Q & A: Andrew Palau on the Life of a Fool
What would you say to people who don't have a particularly dramatic testimony, someone who might be like the older son in the Prodigal Son story?
First I would say, thank the Lord. I have three children, and my hope is that they will know him and love him from the youngest of ages and that they would be spared from the grief of life apart from him. There is nothing great or glamorous about life apart from God. My sons both came with me to Haiti, and my little son was challenged to share his testimony. Afterwards, he said, "I feel kind of bad because I have my own little experience but it's nothing like a great story to tell." And I told him that his story has made him who he is and given him the relationship he has with God. You know, it's not so much about your story as it is about the relationship you have with God now and the greater good news.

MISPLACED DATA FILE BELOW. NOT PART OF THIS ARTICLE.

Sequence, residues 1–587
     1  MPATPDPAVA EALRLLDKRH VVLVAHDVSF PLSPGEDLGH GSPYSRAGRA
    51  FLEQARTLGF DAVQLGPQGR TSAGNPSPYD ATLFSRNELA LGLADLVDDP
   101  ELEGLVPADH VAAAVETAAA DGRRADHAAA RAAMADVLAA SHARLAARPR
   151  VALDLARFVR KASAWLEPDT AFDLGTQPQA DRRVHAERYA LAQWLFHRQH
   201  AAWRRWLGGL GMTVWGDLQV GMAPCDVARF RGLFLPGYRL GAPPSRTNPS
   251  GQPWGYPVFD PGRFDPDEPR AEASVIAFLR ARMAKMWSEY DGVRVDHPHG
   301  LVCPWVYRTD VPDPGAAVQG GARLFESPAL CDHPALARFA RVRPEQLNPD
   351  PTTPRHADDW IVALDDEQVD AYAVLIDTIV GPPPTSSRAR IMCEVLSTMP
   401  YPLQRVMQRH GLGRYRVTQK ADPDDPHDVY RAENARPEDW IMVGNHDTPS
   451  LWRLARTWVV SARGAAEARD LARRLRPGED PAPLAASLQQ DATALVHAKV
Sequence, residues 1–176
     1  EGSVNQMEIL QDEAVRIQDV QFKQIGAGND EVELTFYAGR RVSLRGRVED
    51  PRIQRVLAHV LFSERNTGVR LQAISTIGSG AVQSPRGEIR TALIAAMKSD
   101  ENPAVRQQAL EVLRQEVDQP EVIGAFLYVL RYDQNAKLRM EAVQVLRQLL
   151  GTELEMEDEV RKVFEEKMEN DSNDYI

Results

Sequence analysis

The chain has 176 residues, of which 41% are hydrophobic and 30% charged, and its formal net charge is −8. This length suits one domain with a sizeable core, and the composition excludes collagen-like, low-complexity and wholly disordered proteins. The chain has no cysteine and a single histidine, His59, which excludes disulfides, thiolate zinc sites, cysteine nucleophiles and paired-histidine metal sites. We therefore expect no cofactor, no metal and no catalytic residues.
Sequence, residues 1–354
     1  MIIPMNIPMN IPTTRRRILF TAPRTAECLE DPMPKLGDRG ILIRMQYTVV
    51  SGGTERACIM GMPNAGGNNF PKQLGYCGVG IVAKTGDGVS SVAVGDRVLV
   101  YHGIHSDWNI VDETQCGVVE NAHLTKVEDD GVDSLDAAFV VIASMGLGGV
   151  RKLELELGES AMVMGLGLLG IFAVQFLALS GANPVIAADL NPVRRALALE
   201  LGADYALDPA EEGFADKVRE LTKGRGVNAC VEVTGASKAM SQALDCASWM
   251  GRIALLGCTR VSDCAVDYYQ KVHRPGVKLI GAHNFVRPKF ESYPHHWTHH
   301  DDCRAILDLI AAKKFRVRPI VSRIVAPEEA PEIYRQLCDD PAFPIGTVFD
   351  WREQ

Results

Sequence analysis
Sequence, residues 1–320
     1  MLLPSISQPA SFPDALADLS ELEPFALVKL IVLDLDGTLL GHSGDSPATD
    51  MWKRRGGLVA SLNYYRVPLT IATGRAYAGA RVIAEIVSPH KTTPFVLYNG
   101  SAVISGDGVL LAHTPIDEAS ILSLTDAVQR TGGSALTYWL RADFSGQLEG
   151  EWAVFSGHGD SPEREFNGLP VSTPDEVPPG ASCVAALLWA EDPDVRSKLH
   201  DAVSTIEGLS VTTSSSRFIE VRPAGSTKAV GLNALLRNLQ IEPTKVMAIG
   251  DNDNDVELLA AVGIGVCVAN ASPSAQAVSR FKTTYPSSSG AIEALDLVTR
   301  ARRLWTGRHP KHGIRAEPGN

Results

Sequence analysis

You quoted from sources as varied as the Scriptures, David Bowie, and W. Somerset Maugham. How do you enter into a life with God where you're cultivating that secret life but still learn from secular thinkers and artists?
Many ideas people gravitate towards have a measure of a deeper spiritual truth in them—perhaps just a sliver or a thread to the real meaning, but you can see that people are stealing little snippets of deeper realities. You can see this in how people love nature. God has told us that there will be a measure of revelation in nature. People mistake the created for the Creator, but people will invest their lives in this little idea. It can open doors if we can help them understand the greater idea.
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The Secret Life of a Fool: One Man's Raw Journey from Shame to Grace is available from ChristianBook.com and other book retailers. CT also published an excerpt of Palau's book.
The Luis Palau Association site has a section on Andrew and his evangelistic ministries.
Laura Ortberg Turner has written for Her.meneutics about being the daughter of a pastor.